Autoregulation is an art. It is a skill. Just like any other skill, it takes time, trial, and error to develop. As a refresher from the previous article, autoregulation relies on understanding the demands of training, recoverability, faith, and the current state of the body, and then being able to regulate and manipulate those variables as needed in order to continue to push the body forward to perform without getting injured.
It’s not as simple as working harder or getting stronger. Autoregulation is about being able to gather as much information as possible to assess the current situation and knowledge. The ability to autoregulate is also a big reason that average, sub-par, and exceptional coaches, athletes, and practitioners exist. If you have not read Part 3, “What is Autoregulation” yet, do so before moving forward.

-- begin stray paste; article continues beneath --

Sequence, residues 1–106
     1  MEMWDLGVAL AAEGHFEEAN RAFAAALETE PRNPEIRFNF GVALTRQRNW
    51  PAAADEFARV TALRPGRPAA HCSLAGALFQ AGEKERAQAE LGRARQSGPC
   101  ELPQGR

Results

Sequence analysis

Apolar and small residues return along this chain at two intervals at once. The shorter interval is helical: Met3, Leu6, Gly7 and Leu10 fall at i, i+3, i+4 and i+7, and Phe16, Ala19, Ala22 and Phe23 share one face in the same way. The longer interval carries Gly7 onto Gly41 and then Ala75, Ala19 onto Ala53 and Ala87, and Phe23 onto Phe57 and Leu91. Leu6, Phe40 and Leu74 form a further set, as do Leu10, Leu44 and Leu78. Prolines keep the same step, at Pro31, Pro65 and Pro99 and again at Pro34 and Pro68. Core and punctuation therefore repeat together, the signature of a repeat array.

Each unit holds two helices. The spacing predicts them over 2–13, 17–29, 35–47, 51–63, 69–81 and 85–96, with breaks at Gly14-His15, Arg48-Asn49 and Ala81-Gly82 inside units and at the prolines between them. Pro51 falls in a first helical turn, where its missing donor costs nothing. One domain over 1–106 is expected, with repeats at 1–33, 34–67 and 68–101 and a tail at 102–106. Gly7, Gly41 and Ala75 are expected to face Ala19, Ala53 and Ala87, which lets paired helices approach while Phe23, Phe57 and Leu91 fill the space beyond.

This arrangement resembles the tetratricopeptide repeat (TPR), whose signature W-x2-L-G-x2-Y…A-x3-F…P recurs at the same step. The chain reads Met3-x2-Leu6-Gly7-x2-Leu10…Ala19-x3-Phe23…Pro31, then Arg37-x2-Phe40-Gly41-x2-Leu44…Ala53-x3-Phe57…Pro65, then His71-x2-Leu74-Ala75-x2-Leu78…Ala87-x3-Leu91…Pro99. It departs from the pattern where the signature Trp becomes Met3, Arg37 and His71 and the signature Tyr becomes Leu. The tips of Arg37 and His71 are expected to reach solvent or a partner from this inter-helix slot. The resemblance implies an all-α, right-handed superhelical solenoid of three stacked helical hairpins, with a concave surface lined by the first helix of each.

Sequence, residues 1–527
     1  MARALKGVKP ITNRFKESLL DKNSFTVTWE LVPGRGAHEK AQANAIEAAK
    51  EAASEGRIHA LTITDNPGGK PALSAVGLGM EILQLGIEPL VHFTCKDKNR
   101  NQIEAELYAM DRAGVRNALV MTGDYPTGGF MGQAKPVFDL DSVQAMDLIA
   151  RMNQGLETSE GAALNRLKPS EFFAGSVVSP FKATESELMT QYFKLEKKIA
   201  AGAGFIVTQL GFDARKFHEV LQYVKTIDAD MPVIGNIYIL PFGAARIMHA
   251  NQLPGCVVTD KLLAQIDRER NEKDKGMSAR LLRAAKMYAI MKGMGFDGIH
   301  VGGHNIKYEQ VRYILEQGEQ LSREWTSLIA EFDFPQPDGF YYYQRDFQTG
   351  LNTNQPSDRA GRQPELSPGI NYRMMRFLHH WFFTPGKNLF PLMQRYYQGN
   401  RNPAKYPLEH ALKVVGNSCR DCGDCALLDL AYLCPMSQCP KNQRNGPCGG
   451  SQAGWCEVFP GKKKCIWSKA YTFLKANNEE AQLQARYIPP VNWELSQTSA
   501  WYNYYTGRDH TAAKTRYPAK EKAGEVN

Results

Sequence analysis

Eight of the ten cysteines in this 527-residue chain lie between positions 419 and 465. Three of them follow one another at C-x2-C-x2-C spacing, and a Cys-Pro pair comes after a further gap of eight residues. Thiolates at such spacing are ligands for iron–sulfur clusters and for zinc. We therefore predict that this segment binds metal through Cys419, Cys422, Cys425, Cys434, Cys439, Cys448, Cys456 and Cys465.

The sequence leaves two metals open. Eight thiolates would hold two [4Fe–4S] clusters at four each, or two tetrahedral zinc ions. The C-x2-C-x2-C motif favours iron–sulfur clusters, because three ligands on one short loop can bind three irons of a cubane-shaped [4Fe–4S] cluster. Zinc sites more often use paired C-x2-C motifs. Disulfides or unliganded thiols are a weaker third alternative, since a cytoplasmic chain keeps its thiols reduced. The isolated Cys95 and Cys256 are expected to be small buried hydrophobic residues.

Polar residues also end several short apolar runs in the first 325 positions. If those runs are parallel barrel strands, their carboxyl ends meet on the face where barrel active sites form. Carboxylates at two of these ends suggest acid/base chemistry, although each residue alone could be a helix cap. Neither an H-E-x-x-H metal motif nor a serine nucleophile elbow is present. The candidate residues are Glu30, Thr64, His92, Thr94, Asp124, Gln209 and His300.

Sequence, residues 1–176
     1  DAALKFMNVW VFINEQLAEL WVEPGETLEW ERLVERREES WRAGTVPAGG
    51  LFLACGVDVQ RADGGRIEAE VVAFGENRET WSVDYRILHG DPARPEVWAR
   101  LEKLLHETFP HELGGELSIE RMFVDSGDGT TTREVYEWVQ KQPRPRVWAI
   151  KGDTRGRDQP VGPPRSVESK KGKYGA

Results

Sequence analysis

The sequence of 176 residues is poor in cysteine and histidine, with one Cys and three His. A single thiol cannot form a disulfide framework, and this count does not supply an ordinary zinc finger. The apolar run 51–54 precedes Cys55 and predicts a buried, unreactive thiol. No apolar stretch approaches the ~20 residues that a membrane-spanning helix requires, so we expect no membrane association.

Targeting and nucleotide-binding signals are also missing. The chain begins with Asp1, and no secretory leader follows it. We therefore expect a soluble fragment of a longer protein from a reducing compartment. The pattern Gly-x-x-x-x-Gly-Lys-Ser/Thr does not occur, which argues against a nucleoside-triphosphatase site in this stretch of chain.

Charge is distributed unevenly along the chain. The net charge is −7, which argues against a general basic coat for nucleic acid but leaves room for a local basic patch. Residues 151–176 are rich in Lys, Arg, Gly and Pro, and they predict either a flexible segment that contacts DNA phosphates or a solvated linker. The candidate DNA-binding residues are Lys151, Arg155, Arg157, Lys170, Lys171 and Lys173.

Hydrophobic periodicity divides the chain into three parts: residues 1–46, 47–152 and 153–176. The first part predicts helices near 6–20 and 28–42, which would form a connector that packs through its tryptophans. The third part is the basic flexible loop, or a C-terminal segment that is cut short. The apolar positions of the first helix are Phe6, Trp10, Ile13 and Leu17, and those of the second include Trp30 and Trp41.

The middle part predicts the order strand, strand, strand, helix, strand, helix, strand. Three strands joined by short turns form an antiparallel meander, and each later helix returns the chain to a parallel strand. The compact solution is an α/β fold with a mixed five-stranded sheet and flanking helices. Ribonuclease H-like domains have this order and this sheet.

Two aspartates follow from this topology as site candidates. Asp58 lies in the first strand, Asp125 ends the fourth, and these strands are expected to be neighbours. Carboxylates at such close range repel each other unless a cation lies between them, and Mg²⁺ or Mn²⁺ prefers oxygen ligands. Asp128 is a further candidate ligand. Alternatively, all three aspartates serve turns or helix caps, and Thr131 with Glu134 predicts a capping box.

Now that the four pillars of autoregulation have been defined, the objective can move towards how to apply this knowledge and autoregulate one’s training:
1. Learn to Pivot
2. Listen to Subjectivity; Create Objectivity
3. Keep a Database or Log 4. Recovery is a Tool -- Use it Wisely
5. Don't Be Afraid to Cycle Main Movements and/or Accessories
To read deeper into how to apply autoregulation, you can visit EliteFTS.com to read Dr. Detweiler's full article, Troubleshooting Strength Injuries: How to Autoregulate.